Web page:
For many years now, Costa Rica has been one of the preferred locations for scientists, filmmakers and TV producers that focus on biodiversity and natural history. 

Be it the legendary voice of British natural historian and broadcaster Sir David Attenborough, or the iconic baritone of former United States President Barack Obama, Costa Rica’s natural wonders have been praised and examined in an almost immeasurable amount of ways over the years, and perhaps the most engrossing of all of these have been nature documentaries. 

From a vast back catalog of Natural Geographic specials fully devoted to some of Costa Rica’s most impressive biodiversity hotspots, to the new advent of the format via streaming services, this Central American nation has fully cemented itself as one of the most visually and aurally enthralling corners of the globe for some time now. And as technology in video recording advances, the country’s wide array of motions and textures have never been better depicted. 

In the BBC-Netflix joint production of Life in Color, cameras with revolutionary color-capturing technology were created specifically for the project, in order to depict some of the colors invisible to the human eye and how they play a vital part in rich ecosystems such as Costa Rica’s rainforest.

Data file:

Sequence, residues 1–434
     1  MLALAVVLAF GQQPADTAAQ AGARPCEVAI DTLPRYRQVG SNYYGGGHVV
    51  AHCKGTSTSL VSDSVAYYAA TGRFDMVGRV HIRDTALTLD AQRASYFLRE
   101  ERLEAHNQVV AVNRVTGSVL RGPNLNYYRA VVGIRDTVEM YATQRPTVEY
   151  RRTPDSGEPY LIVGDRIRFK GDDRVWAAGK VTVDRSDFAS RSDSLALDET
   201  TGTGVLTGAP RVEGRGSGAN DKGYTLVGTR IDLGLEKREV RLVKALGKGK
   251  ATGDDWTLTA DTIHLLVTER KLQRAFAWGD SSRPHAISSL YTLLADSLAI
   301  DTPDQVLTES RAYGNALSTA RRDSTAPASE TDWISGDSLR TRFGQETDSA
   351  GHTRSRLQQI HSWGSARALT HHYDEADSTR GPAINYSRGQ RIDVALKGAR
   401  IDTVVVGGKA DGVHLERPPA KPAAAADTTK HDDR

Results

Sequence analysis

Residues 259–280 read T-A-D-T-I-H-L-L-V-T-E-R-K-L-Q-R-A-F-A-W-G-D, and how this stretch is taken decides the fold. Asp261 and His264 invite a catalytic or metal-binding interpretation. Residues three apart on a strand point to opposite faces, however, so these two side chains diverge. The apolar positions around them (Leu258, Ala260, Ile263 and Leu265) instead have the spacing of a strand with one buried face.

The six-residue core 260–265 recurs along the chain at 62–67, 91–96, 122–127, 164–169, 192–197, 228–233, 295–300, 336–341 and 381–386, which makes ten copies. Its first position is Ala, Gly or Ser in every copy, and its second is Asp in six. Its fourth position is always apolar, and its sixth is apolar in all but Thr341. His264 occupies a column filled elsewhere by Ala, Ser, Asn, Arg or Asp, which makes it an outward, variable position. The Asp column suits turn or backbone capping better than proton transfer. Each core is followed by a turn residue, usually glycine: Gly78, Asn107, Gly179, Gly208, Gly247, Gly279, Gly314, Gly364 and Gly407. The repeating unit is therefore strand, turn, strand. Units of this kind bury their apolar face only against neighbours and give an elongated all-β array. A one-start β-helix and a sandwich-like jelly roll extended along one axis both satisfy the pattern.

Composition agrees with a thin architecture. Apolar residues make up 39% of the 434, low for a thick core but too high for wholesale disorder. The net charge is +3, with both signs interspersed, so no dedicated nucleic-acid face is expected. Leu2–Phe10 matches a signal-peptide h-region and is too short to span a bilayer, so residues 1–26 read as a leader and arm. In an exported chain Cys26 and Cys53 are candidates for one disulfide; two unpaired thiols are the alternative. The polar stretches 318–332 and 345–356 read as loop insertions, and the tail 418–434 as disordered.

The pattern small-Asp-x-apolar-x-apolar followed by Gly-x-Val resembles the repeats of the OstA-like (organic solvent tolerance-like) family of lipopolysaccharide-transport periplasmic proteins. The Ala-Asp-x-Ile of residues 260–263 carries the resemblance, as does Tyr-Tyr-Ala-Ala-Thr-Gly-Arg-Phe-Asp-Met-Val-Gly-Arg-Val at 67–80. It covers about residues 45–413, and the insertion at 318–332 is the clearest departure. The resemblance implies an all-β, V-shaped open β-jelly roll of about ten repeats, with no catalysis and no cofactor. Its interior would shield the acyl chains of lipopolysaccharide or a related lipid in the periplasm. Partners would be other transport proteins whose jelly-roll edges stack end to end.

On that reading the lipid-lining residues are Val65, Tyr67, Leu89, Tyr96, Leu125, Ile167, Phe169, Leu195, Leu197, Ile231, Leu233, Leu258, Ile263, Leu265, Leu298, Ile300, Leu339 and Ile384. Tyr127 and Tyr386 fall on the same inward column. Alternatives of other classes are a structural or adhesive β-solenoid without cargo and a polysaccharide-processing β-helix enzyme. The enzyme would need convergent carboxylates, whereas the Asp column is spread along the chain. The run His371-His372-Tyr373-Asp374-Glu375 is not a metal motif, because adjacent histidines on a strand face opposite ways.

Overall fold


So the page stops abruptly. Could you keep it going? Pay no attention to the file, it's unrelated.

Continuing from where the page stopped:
Netflix’s Our Great National Parks plays with slow motion and breathtaking drone shots to contrast the beautiful and vast landscapes of the natural world with some of its stunning inner secrets, such as the infamous habitat that is the Costa Rican sloth’s fur. 

The locations and species featured on these works have become so popular that many of the country’s tourist offers have incorporated them into their repertory. From night tours to live first hand the miraculous turtle nesting, to fun trips to sloth reserves, the great thing is that Costa Rica’s natural attractions are so vast and varied that there’ll always be something new to discover. 

So if you’re a fan of nature documentaries, there’s no better time to create your bucket list, search for a comfortable rental option, and see for yourself what has enamored scientists, filmmakers and TV producers for decades. 

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